Motivation is what helps students achieve their goals in school; it energizes them and drives their behavior. But motivation is not a fixed quality that students bring with them into the classroom — it can be shaped by many cues in the social environment. Our research in the Identity & Academic Motivation Lab (I AM Lab) examines identity and its impact on academic motivation in childhood and adolescence. This work involves:
- how cultural stereotypes about gender and STEM (science, technology, engineering and math) contribute to gender gaps in motivation to pursue STEM, and how to counteract the negative effects of stereotypes;
- “wise” educational interventions that provide “identity-safe” cues, which show students that they will not be judged negatively based on their group memberships, including belonging and growth mindset interventions; and
- childhood motivation for STEM learning, including how social connections promote young children’s motivation for STEM tasks.
Our research is at the intersection of learning sciences, developmental psychology and social psychology, applying insights from social psychology to improve equity and STEM learning outcomes for students from preschool through college.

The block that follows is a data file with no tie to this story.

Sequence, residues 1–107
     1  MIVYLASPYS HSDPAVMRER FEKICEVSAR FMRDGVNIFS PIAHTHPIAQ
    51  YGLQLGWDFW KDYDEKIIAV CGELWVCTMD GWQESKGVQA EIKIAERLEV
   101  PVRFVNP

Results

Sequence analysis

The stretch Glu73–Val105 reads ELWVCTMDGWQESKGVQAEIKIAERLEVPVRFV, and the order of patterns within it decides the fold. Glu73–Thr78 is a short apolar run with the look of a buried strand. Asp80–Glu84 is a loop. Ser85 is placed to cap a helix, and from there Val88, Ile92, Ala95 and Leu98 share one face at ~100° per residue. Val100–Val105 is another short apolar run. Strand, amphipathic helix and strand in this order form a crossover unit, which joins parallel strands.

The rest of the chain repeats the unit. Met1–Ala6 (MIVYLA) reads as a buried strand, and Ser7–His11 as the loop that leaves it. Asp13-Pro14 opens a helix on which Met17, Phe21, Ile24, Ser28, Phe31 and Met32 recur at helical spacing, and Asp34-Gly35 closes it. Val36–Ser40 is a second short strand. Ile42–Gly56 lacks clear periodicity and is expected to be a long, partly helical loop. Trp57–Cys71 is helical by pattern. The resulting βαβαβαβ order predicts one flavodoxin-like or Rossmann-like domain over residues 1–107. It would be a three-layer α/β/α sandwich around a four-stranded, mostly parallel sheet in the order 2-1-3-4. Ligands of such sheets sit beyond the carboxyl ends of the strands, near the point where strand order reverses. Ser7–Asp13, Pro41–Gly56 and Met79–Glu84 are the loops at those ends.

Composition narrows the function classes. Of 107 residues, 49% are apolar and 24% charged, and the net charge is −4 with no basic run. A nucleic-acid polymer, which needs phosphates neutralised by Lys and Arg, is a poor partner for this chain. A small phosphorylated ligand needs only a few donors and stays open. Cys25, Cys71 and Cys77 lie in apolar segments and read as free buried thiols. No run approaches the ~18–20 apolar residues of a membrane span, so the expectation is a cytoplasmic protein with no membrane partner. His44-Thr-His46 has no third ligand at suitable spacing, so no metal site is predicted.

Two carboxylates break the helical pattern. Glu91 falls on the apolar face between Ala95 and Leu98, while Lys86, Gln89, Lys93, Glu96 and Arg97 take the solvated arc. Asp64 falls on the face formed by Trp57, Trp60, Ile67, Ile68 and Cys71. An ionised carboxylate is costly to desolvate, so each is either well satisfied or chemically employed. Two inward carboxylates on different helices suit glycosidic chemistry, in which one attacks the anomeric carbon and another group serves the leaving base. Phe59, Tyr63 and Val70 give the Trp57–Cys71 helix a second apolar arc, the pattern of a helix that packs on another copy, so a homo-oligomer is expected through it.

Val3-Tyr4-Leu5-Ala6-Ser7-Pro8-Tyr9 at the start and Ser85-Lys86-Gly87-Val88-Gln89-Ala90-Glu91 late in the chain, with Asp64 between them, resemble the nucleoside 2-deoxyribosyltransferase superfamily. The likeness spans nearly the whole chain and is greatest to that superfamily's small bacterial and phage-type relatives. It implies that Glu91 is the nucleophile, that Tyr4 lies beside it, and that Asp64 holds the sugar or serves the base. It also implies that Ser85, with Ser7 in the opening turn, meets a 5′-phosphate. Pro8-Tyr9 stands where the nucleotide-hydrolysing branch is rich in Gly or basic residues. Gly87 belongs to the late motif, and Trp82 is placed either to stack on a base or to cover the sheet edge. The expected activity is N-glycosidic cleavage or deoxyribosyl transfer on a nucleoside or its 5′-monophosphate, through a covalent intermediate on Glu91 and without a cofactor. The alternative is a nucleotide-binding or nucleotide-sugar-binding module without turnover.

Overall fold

Check out these videos to see more about our research.
Learn more about our research on how stereotypes affect girls’ interest in STEM (Master, Cheryan, & Meltzoff, 2021).
Learn more about our research on how social connections increase children’s STEM motivation and learning (Master, Cheryan, & Meltzoff, 2017).
Why It Matters
Motivation is critically important for students’ academic achievement and success. We focus particularly on STEM education due to persistent inequities. In the U.S., the representation of women varies widely across STEM fields, with the greatest disparities in computer science and engineering.
Gender disparities in STEM fields contribute to many societal inequities, including the existence of products and services that overlook and sometimes selectively harm women and children. Gender disparities in lucrative fields such as computer science and engineering are also a significant source of the gender wage gap.
Important work is being done to remedy this problem in college and the workplace, but our lab starts earlier. Starting earlier can create a strong foundation to set girls and boys on a path toward equity in STEM education. We seek to find high-leverage influences on young girls’ motivation and academic choices, helping them find trajectories where the path to STEM is clear, inviting and free from psychological barriers.
We use experimental, longitudinal and cross-sectional methods to measure students’ beliefs, attitudes and behavior. We combine carefully controlled laboratory studies with studies in schools to gain a more thorough understanding of students’ motivation and academic choices. We believe that everyone benefits from open science and are constantly seeking to improve our use of pre-registration and open data.